The UN Security Council must act immediately to stop India from such practices and take preventive measures to protect children, including by ending the use of pellets against children in IIOJ&K. Whatever the causes of modern-day brutality towards children, the time has come to call a halt. These acts must end, and perpetrators must be held to account.

Urgently repeal the Armed Forces (Jammu and Kashmir) Special Powers Act (1990) and Amend the Anti-Terrorism Act to bring it in line with international human rights standards.

Investigate and prosecute all cases of sexual violence allegedly perpetrated by state and non-state actors, and provide reparations to victims.

Remove cases of sexual violence from military jurisdiction.

Institute an effective monitoring mechanism that oversees the implementation of laws dealing with violence against women and children in Kashmir.

Monitor and support Kashmir’s provisions for appropriate support services, including psychological counselling, legal aid, emergency medical care, and reproductive and sexual health services responsive to the effects of violence.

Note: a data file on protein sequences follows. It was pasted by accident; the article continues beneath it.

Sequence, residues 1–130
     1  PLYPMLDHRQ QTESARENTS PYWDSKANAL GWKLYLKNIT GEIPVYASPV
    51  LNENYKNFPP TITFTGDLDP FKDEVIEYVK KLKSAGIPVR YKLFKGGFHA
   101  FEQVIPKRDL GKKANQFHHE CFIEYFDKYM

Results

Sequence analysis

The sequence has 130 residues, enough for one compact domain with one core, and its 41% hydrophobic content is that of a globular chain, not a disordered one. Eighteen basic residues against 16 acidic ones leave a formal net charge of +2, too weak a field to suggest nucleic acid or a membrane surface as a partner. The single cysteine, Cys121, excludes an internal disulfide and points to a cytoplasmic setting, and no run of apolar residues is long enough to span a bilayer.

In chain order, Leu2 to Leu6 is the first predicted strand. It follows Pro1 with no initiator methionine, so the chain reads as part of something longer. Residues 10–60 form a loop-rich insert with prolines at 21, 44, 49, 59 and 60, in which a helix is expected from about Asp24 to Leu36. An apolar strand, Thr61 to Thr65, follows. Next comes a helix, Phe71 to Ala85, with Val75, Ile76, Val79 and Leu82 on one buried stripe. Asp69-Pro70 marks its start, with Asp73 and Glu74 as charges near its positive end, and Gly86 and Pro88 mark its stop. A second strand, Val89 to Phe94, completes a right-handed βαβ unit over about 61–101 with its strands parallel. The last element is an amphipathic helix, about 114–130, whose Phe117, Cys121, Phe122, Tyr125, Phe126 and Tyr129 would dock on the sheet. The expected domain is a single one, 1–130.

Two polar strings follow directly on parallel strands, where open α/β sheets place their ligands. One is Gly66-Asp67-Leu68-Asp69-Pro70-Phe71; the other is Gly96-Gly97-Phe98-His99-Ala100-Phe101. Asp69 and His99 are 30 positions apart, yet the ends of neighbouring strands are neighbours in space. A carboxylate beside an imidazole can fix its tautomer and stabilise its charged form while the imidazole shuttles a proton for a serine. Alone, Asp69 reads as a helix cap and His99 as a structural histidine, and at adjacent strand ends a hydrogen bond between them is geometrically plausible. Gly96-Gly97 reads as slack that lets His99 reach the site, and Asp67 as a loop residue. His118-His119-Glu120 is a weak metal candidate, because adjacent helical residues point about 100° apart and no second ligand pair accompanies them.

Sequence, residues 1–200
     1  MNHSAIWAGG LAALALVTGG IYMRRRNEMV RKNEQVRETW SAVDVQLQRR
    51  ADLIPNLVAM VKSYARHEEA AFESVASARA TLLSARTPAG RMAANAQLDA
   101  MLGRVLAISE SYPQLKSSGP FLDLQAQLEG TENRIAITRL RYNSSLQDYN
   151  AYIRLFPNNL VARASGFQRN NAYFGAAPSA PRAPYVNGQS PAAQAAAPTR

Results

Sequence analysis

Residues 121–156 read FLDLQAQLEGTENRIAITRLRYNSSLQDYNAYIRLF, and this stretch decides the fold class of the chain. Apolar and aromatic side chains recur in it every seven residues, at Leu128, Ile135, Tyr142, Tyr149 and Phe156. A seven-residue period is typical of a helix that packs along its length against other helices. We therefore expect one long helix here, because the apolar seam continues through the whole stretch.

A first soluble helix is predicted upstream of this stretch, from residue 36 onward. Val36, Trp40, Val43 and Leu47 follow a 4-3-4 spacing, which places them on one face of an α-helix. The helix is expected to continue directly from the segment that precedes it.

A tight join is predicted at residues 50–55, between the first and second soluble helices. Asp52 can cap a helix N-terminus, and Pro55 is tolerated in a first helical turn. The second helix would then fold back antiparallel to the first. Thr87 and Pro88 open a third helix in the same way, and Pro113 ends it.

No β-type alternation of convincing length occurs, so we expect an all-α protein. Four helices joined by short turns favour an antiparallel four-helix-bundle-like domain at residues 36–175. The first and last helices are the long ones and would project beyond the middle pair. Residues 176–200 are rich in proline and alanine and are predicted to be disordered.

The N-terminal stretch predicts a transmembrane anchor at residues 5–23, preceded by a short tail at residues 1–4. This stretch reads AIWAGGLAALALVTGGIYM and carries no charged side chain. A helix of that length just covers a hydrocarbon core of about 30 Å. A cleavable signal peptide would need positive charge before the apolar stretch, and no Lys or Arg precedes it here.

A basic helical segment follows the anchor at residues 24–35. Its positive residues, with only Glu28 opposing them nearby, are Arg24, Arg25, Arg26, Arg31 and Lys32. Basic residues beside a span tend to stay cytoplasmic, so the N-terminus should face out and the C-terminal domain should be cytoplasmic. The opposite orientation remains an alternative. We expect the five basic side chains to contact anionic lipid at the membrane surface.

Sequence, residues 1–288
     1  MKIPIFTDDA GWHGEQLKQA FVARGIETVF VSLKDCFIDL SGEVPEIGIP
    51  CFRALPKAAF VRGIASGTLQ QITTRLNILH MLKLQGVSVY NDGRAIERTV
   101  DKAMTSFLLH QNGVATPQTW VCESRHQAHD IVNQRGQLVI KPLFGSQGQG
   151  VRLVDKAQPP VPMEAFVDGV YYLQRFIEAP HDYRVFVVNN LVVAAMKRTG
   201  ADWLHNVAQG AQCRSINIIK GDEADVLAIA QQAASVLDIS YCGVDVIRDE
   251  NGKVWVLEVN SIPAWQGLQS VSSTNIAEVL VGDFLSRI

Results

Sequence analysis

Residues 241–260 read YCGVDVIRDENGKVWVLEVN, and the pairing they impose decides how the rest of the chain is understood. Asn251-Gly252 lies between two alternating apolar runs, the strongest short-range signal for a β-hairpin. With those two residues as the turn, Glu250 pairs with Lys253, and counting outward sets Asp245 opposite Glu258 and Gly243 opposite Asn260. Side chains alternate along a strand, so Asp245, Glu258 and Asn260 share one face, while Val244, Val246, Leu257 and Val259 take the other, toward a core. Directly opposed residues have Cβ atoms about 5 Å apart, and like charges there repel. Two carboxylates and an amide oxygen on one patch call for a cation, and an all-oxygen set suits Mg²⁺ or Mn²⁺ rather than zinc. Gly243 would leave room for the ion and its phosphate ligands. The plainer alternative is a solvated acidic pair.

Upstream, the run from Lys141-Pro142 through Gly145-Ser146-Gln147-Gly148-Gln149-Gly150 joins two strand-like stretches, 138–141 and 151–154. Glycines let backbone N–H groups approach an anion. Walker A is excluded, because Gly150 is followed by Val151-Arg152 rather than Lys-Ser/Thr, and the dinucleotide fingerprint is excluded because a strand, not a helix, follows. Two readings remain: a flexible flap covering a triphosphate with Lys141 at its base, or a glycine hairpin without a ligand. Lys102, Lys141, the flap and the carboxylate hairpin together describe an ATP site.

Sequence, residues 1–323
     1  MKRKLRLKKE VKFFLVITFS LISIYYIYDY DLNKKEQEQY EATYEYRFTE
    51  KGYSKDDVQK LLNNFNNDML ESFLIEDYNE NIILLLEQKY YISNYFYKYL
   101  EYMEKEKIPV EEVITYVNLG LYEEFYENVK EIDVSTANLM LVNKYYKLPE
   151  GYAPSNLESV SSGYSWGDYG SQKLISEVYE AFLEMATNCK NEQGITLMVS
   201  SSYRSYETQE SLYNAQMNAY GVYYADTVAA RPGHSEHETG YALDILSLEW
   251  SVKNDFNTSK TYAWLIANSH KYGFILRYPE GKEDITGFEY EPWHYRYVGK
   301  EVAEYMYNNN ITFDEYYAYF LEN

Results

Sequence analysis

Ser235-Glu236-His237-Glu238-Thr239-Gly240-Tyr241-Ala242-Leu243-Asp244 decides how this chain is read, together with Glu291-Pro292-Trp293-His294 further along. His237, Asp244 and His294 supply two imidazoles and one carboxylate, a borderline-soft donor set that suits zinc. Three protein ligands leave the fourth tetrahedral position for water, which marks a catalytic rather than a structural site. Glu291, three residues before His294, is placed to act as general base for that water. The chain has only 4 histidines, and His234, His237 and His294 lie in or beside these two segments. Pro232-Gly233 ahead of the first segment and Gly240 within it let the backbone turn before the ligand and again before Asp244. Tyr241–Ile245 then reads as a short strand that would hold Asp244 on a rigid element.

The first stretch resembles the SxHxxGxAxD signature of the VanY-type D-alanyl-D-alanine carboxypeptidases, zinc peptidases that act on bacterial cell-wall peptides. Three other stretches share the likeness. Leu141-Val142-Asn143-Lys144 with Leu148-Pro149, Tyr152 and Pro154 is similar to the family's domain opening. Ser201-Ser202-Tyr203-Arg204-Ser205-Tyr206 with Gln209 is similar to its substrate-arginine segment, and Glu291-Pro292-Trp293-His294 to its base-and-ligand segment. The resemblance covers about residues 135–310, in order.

As the conflict in Kashmir continues, little has been done by central authorities to change their methods of counter-insurgency operations to prevent violations of human rights. India’s ratification of IHL and IHRL is unlikely to bring about substantial changes unless there is a collective effort and collaboration between locals, the government of Jammu and Kashmir, the federal government of India, and the international community to provide the women and children of Kashmir the justice they deserve.

—Written by Omay Aimen denovas312@gmail.com

Courtesy by Omay Aimen – Pakistan Observer

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Omay Aimen is a researcher, with an interest in national security, international politics, hybrid warfare & geopolitics. She can be reached at manahil.jaffer786@gmail.com

Omay Aimen

Omay Aimen is a researcher, with an interest in national security, international politics, hybrid warfare & geopolitics. She can be reached at manahil.jaffer786@gmail.com